Correction: The state Coastal Conservancy sent the letter to the American Land Conservancy, not the Coastal Commission.
After several months of uncertainty, negotiations to add 2,400 acres to Montaña de Oro State Park appear to be back on track.
In February, the executive officer of the state Coastal Commission sent a letter to the American Land Conservancy saying that the agency would only extend a $5 million contribution toward the $21 million purchase price of the property if PG&E agreed in writing to transfer the title to the property by this fall.
Obviously, unless PG&E can commit to working with ALC to complete the transaction prior to your option expiring this fall, there is really no reason for us to extend our grant terms, said executive officer Sam Schuchat in a letter to ALC President Kerry OToole.
The letter was enough to restart stalled negotiations between PG&E and the state Resources Agency, Schuchat said. One of the Resources Agencys oversight bodies, the Public Works Board, is waiting for the title to the property to be transferred and other requirements to be met before it allocates the final $6.9 million needed to complete the deal.
We thought, Lets shake everybodys cage a little bit, Schuchat said. The letter has had its intended effect.
PG&E has said it plans to finalize the title transfer by the September deadline, but its efforts have been hampered by a large workload finalizing high energy seismic surveys off Diablo Canyon nuclear power plant and other commitments. The utility remains confident that the deal will be successful and confirmed that negotiations with the state are progressing.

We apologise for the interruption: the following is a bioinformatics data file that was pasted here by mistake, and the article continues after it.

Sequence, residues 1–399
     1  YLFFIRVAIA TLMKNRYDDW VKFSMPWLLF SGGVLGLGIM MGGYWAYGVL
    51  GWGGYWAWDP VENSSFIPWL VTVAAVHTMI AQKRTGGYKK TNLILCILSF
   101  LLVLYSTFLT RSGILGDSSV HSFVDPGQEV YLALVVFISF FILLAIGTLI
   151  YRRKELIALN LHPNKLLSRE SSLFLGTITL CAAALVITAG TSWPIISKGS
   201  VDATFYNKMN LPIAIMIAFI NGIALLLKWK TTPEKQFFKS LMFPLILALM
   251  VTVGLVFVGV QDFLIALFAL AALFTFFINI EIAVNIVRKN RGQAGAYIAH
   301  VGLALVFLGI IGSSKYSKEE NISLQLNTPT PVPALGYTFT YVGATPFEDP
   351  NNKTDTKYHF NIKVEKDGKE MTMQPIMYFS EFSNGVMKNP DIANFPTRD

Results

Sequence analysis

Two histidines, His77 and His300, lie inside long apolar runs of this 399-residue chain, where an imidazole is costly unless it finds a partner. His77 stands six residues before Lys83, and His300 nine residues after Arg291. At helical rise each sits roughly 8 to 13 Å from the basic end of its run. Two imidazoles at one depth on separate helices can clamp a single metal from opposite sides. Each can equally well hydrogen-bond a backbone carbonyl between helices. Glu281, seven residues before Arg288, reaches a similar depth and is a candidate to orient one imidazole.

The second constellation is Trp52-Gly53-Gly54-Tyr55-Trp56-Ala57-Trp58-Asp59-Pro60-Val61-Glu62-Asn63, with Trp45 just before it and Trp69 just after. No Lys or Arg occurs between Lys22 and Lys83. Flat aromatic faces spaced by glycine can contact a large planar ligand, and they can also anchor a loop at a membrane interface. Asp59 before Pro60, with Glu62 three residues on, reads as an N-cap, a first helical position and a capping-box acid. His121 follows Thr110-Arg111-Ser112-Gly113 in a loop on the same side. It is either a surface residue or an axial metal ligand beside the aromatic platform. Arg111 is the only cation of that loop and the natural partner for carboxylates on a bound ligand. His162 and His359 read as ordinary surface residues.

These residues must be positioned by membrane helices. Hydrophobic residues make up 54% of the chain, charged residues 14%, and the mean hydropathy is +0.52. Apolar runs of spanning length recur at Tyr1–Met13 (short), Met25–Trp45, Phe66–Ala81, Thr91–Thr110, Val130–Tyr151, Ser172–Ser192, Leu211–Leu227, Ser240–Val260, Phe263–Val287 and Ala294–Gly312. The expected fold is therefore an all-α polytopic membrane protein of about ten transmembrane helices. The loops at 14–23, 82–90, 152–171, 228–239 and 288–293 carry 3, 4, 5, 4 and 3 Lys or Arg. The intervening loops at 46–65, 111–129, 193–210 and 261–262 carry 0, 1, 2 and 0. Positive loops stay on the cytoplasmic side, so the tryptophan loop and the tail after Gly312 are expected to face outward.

In light of recent, positive tentative developments in the negotiation process, we dont believe the letter or the timing in it is relevant any longer based on pending actions by the parties involved, said Tom Cuddy, PG&E spokesman. Because we have ongoing negotiations with a number parties, for us to comment on specifics at this time would not be appropriate, nor can we speak for them.
The Coastal Conservancys agreement to supply its $5 million contribution expires June 30. However, the agreement will be officially terminated only if the conservancy board votes to rescind it.
The real drop-dead date is in September when the purchase option expires, Schuchat said. Until then, the agency remains committed to doing what it can to make the land conservation deal a success.
Weve had our eyes on this piece of land long before ALC starting working on it, he said.
For its part, the American Land Conservancy remains hopeful that the project will come to fruition, OToole said.
If the Wild Cherry Canyon property is acquired, Montaña de Oro would extend from Los Osos to Avila Beach and become one of the largest parks in the State Parks system.